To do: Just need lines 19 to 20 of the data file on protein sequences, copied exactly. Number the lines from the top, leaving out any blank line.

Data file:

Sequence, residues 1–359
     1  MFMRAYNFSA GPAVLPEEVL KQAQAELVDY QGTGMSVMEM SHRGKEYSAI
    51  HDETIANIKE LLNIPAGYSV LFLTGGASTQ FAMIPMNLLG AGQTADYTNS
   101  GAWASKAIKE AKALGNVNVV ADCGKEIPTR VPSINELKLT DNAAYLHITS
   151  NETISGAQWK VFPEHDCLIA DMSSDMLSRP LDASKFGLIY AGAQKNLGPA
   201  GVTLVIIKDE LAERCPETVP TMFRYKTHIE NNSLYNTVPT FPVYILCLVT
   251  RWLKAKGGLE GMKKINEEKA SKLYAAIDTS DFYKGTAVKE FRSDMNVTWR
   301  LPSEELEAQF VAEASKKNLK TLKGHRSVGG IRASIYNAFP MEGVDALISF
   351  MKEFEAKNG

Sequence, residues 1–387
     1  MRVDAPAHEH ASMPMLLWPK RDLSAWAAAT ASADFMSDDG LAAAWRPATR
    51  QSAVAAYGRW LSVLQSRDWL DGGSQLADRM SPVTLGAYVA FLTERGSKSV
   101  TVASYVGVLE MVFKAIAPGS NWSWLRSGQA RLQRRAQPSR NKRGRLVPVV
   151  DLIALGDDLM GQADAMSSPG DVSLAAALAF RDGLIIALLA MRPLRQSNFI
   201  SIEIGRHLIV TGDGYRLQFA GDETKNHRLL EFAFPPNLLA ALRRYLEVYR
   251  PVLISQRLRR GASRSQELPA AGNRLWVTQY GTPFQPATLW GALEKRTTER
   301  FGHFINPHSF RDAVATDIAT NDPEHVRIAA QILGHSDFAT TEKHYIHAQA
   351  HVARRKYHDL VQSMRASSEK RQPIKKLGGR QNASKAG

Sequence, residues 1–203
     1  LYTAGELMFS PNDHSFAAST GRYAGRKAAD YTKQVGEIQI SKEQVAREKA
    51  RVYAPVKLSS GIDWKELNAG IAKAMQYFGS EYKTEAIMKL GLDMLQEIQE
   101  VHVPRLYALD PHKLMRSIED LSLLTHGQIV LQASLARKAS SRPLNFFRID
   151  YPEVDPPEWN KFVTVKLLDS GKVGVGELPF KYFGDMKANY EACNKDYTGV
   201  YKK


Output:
Sequence, residues 1–203
     1  LYTAGELMFS PNDHSFAAST GRYAGRKAAD YTKQVGEIQI SKEQVAREKA